Unintentional innocent infringers of UK design rights will be required to repay profits to rights holders, Government says

Out-Law News | 14 Aug 2012 | 1:58 pm | 5 min. read

The Government is to change the law to enable the holders of UK registered designs to recover the profits earned by those who unintentionally innocently infringe on their rights.

The UK's Intellectual Property Office (IPO) announced plans to "equalise the available remedies" for the offence of unintentional innocent infringement of design rights in a response to a consultation it held on the subject approximately 18 months ago.

Whilst the Government plans to introduce a "financial remedy" for such an infringement of UK registered designs, it also plans to change the law to remove the ability of holders of registered Community design rights or unregistered Community designs to obtain damages for others' unintentional innocent infringement.

The IPO, which said that the UK laws around design rights would be altered "as soon as possible" to affect the changes, said that the near "universal" view of respondents to its consultation had been that it was "not desirable" for there to be different remedies available to rights holders for innocent infringements of registered UK or Community design rights.

"In view of such strong support for change, we will proceed with measures to equalize the available remedies," the IPO said in its consultation response (7-page / 45KB PDF). "Based on the responses received, we therefore propose to introduce provisions which will make it possible for the owner of a UK registered design to seek a financial remedy from an unintentional infringer of the registered design. However, the remedy available will only be for an account of profits, and not damages. In order to equalise the provisions, the existing provisions for financial remedies for the unintentional infringement of Community designs will be amended to mirror this approach."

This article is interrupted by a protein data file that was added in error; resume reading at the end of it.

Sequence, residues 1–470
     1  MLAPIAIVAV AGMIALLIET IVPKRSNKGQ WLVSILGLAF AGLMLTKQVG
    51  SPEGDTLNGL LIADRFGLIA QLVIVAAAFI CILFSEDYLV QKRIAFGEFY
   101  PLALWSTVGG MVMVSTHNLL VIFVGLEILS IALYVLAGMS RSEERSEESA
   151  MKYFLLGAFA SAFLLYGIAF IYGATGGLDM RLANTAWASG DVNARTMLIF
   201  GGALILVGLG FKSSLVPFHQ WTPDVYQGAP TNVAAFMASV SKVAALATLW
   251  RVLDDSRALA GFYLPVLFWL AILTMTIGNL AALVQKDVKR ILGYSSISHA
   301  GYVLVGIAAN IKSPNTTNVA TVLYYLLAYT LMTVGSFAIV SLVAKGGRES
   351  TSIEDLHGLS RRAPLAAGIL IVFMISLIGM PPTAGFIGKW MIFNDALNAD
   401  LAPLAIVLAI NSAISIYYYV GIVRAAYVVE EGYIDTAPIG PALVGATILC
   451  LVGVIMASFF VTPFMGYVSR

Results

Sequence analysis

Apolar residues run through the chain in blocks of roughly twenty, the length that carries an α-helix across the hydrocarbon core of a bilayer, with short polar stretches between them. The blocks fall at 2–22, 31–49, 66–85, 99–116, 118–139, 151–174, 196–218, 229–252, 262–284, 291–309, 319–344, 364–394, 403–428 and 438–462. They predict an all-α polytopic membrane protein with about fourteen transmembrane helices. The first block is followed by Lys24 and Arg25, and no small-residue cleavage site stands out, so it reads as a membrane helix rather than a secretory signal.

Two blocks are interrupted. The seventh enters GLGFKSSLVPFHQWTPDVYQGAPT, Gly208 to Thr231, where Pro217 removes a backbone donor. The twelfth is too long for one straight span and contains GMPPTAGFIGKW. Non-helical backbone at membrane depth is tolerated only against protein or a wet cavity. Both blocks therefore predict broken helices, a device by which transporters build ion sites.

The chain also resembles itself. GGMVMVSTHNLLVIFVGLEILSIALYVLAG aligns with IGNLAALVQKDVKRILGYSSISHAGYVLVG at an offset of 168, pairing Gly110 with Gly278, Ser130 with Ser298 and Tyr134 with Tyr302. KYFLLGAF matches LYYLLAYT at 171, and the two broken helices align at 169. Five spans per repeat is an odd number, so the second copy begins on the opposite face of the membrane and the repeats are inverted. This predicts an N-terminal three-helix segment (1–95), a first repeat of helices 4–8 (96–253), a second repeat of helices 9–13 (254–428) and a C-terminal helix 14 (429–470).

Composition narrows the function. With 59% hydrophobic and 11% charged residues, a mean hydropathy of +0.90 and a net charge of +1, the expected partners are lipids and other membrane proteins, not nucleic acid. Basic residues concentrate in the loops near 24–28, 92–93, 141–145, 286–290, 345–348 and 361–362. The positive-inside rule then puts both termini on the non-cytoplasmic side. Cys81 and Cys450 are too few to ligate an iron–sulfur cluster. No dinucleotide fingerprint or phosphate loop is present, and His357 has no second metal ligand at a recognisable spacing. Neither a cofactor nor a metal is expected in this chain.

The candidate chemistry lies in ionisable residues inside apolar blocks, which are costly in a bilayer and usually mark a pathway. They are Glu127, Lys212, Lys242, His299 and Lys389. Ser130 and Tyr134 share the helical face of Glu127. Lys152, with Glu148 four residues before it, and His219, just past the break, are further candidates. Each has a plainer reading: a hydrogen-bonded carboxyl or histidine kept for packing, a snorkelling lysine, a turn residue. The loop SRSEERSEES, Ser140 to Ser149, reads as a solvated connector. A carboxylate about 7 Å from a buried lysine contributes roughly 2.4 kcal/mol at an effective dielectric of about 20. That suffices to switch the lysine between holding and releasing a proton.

The IPO said that the decision represented a "fair and balanced outcome."

"In particular, it is difficult to see why the courts should be prevented from ordering an unintentional infringer of a design to pay the holder of the right some or all of the profits that he has made from using that person’s intellectual property," it said. "On the other hand, unintentional infringers would not be liable for damage claimed to have been caused to the right holder. In this way the unintentional infringer’s liability would be effectively capped at the level of his own profits."

"Whilst a small number of respondents argued that the removal of financial remedies, including damages, for innocent infringement of Community designs would send the wrong message about respecting intellectual property rights, when a global view of the available remedies is taken (including the unchanged provisions for intentional infringement), the proposal provides effective and dissuasive remedies for infringement of UK registered designs and Community designs," the IPO added.

UK intellectual property (IP) laws distinguish between deliberate theft and innocent infringement. However, different rules apply in relation to innocent infringement depending on the IP right that is said to have been infringed.

A UK registered design confers a 25-year monopoly right in the design, and in similar and partially-reproduced designs. Similar protection is given to Community Registered Designs. Registration gives the owner the exclusive right to make articles incorporating the design, and sue for infringement even where the defendant did not actually copy the design.

The presence of a register of all valid registered designs at the UK Intellectual Property Office, and other European registries, means that express notice of the registered design is implied by the fact that it is registered. Therefore, the use of a registered design within the jurisdiction that the design is registered, whether knowingly or unknowingly, will result in a breach of the owner's rights, and there is no 'unwitting copying' defence to this.